The supplement beta-carotene may increase the risk of bowel cancer, researchers have warned.
An estimated 10m Britons take vitamin supplements
The substance has been linked to an increased risk of lung cancer in smokers and people exposed to asbestos.
Now a study suggests that in some people it can double the risk of benign tumours known as adenomas that can lead to colorectal cancer.
The finding relates to those who smoke cigarettes and have more than one alcoholic drink a day.
"Supplementation [with beta-carotene] was beneficial among subjects who did not drink or smoke but, if anything, increased risk among those who drank and/or smoked," said study author Dr John Baron, of the Dartmouth Medical School in the United States.
The conclusion is based on a study of 864 patients who had had previous adenomas removed.
Paradoxically those who did not smoke or drink and took beta-carotene were at decreased risk of adenomas.
More harm than good
However, Dr Tim Key of Cancer Research UK at Oxford University, said there was no evidence of benefits for beta-carotene and more evidence of harm.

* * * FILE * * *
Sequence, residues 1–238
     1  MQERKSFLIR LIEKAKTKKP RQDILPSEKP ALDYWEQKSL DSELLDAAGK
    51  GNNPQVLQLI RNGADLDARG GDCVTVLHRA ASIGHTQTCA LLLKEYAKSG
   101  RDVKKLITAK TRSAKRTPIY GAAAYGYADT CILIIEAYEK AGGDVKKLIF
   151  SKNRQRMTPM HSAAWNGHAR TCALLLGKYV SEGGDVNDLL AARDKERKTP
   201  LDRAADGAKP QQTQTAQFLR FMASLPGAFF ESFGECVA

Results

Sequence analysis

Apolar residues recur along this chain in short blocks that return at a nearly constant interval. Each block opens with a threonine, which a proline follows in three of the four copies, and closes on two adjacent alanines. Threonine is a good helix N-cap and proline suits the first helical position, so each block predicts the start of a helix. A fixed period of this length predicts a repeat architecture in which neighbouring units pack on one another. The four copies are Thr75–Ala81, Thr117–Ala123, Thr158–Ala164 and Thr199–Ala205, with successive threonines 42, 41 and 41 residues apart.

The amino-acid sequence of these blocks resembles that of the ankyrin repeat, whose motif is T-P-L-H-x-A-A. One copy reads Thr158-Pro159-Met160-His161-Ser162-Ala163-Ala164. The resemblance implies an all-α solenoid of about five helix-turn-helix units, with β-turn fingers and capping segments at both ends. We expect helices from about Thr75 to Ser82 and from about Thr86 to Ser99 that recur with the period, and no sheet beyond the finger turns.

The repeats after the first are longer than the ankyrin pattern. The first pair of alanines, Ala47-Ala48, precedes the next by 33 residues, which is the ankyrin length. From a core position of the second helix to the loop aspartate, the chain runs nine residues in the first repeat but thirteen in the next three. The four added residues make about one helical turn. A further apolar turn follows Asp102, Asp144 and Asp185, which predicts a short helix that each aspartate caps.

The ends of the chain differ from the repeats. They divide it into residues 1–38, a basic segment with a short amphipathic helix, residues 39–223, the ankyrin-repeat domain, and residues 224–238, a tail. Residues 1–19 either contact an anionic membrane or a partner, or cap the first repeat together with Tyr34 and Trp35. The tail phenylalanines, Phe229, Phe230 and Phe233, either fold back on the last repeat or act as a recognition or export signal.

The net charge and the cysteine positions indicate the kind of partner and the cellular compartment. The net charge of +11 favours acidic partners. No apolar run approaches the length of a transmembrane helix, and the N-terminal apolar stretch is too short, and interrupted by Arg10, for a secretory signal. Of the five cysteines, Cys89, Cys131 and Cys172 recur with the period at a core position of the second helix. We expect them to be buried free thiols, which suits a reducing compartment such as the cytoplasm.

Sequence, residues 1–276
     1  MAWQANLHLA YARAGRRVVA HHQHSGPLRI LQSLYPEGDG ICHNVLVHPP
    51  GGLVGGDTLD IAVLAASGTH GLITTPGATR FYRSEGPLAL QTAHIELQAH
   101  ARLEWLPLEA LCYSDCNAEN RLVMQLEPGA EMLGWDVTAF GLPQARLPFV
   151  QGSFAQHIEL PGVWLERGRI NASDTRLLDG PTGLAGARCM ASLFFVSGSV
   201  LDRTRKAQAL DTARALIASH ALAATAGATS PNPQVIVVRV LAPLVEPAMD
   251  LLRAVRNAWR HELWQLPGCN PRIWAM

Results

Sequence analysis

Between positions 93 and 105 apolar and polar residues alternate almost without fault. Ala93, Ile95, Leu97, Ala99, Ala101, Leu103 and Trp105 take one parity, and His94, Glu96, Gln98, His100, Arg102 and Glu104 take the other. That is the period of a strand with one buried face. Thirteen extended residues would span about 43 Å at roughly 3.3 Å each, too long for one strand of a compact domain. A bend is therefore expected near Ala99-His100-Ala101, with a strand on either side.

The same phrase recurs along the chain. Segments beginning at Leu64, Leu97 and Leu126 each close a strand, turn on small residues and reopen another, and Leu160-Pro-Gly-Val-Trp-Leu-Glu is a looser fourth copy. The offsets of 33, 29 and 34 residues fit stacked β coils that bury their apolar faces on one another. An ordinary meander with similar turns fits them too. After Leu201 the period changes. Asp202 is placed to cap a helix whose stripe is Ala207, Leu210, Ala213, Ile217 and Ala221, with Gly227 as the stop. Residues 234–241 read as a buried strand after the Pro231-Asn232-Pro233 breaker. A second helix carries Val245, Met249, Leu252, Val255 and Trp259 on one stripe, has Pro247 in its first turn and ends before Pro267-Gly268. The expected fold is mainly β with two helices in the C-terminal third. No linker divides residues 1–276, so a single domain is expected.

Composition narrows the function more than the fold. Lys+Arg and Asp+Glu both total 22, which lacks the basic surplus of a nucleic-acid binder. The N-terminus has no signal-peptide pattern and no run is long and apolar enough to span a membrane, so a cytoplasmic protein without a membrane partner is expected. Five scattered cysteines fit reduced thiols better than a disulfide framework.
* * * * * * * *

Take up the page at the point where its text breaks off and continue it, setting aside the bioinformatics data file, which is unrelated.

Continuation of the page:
"The advice is you should not take supplements of beta-carotene to prevent cancer," Dr Key told BBC News Online.
"The main thing for smokers and drinkers is to give up smoking and don't drink too much."
The warning comes after experts from the UK's Food Standards Agency said that high levels of supplements like beta-carotene and zinc over a long period may have irreversible harmful effects.
Beta-carotene is a substance from plants that the body converts into vitamin A. Natural beta-carotene is found in food such as fruit and vegetables.
The research is published in the Journal of the National Cancer Institute.